The new study, the result of six years’ worth of modeling work conducted in partnership with French agricultural researchers, is far from the first to warn that feeding the world sustainably will be a formidable task. But the authors claim they are taking a different view of the most plausible solutions.

In the past, researchers who have looked at the food problem have suggested that the key to a sustainable agriculture system is to persuade consumers to eat far less meat and waste far less of the food that’s already grown, the study says.

This report, however, cautions that there may be limits to how much those strategies can achieve on their own. The authors do recommend that the biggest consumers of beef and lamb, such as Europe and the United States, could cut back their consumption by about 40 percent by 2050. Those two types of meat have especially large environmental footprints.

But the authors are not counting on a major worldwide shift to vegetarianism.

“We wanted to avoid relying on magic asterisks,” said Timothy Searchinger, a researcher at Princeton University and the World Resources Institute and lead author of the report. “We could imagine a significant shift from beef to chicken, and that by itself goes a long way.”

In addition to actions on diet and food waste the researchers also focused on dozens of broad strategies that could allow farmers and ranchers to grow far more food while cutting emissions, a feat that would require shifts in farming practices and rapid advances in technology, the Times said.

For example, in important beef production areas, the best-managed grazing lands can produce four times as much per acre as poorly managed lands — owing to differences in livestock health and range management. Improving productivity across the board could help satisfy rising meat demand while reducing pressure on the rain forest.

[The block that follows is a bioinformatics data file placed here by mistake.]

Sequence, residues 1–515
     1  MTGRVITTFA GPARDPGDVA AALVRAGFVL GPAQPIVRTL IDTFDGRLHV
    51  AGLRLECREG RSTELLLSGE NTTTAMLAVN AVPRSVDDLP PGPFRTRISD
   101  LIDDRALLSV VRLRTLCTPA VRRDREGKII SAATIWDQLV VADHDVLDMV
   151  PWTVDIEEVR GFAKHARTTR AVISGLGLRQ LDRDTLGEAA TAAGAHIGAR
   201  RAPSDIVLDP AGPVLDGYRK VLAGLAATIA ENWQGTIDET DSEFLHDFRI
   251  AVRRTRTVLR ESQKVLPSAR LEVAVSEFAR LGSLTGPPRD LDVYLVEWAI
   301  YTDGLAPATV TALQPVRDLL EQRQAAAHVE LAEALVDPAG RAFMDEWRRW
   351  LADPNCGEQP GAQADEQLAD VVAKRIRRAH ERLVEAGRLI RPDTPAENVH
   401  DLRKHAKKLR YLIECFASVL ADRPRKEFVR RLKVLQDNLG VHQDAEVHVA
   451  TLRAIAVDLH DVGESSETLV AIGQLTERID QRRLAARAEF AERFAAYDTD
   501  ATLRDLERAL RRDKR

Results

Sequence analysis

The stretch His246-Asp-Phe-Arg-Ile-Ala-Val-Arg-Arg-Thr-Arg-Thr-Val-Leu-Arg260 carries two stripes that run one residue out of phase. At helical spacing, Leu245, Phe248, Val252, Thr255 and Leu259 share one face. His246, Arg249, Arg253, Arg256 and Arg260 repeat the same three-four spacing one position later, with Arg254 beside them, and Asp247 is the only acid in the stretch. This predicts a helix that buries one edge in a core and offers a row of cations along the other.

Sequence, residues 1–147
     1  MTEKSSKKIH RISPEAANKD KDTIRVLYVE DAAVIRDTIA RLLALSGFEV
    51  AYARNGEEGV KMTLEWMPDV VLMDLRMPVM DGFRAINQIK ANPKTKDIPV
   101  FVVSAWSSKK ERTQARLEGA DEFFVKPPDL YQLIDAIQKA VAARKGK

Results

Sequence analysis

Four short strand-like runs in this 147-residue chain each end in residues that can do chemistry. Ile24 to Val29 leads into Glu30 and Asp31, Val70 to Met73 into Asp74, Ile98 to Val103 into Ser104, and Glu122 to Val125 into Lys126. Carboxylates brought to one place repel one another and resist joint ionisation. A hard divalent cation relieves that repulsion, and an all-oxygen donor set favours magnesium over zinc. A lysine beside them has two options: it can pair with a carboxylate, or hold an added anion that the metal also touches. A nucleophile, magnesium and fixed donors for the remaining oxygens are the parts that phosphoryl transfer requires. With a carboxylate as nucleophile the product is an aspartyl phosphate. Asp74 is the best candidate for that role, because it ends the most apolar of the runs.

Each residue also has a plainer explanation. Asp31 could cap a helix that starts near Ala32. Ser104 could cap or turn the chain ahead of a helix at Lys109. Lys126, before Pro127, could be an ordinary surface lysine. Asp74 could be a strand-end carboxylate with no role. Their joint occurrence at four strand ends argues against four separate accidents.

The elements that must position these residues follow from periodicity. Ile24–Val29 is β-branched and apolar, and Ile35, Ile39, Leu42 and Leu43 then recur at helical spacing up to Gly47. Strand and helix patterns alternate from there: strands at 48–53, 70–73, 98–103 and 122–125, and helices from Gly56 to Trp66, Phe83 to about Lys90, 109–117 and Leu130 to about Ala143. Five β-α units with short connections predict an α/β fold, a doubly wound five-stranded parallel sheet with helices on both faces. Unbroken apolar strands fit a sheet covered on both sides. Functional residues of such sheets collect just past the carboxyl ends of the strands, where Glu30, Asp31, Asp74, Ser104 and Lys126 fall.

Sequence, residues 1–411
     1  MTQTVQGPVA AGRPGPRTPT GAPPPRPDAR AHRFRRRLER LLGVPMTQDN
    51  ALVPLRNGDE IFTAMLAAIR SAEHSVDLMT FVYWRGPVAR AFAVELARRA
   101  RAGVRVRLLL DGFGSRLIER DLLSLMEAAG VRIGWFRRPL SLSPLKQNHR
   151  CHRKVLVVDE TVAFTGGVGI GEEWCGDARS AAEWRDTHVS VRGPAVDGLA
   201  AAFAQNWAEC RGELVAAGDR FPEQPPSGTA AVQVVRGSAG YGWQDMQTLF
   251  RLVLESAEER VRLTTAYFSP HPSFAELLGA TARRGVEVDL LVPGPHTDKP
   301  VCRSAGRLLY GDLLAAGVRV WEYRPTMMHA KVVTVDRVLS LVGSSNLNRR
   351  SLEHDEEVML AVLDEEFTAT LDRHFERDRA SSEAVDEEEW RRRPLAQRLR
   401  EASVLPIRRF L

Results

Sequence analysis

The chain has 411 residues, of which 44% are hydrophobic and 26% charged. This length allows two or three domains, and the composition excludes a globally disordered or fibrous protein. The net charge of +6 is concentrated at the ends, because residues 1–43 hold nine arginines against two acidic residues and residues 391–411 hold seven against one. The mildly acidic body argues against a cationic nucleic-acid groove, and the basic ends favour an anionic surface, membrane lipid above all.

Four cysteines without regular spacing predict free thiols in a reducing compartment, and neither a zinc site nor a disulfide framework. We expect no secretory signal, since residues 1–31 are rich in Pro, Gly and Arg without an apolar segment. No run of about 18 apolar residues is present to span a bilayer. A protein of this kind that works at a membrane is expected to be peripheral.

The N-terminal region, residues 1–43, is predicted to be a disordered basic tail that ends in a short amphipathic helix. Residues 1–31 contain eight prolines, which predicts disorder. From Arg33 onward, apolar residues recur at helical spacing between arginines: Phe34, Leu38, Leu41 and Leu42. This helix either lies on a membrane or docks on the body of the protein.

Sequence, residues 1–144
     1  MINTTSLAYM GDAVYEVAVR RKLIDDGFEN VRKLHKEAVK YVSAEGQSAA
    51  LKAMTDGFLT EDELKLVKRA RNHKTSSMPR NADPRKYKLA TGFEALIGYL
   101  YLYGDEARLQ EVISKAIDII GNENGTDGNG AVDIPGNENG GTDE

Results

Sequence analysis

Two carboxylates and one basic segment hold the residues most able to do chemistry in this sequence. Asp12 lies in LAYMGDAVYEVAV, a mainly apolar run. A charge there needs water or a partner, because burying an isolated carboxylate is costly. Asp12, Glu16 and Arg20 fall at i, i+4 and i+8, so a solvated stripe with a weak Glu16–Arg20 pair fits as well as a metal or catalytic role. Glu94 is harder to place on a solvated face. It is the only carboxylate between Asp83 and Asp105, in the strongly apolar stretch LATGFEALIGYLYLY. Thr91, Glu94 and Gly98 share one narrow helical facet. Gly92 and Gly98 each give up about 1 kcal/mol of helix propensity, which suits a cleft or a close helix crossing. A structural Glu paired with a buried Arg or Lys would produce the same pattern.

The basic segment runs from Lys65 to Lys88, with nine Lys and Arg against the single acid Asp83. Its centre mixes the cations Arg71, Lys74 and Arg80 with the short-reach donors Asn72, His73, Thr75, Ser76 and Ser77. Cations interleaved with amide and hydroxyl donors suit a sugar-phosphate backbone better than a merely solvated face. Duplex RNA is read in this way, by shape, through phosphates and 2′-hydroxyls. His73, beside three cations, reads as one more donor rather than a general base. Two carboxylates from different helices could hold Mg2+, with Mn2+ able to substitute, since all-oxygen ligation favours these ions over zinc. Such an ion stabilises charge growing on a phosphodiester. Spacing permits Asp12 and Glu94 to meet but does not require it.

Still, the report notes that reaching productivity goals could face headwinds from rising temperatures that reduce crop yields. But many of the recommendations in the report, such as breeding new, higher-yielding crop varieties or preventing soil erosion, could also help farmers adapt to climate change, Searchinger said.

In another contentious recommendation, the report’s authors call for limits on the use of bioenergy crops, such as corn, for fuels for cars that compete with food crops for land.

Money is also a hurdle. The report’s authors call for large increases in public research funding as well as new regulations that would encourage private industry to develop sustainable agricultural technologies.

While the new study is being billed as path-breaking, similar themes have been explored by numerous public and private groups in recent years. The concept of the sector’s need to rely on limited land resources while supporting rapid growth in technology is often heard among private ag firms as well as public land grant universities — but it is frequently spun toward social goals.

Certainly, hard questions will be asked of Searchinger and WRI as they work to provide necessary balance to the very important debate about the future of food and agriculture as the climate changes, Washington Insider believes.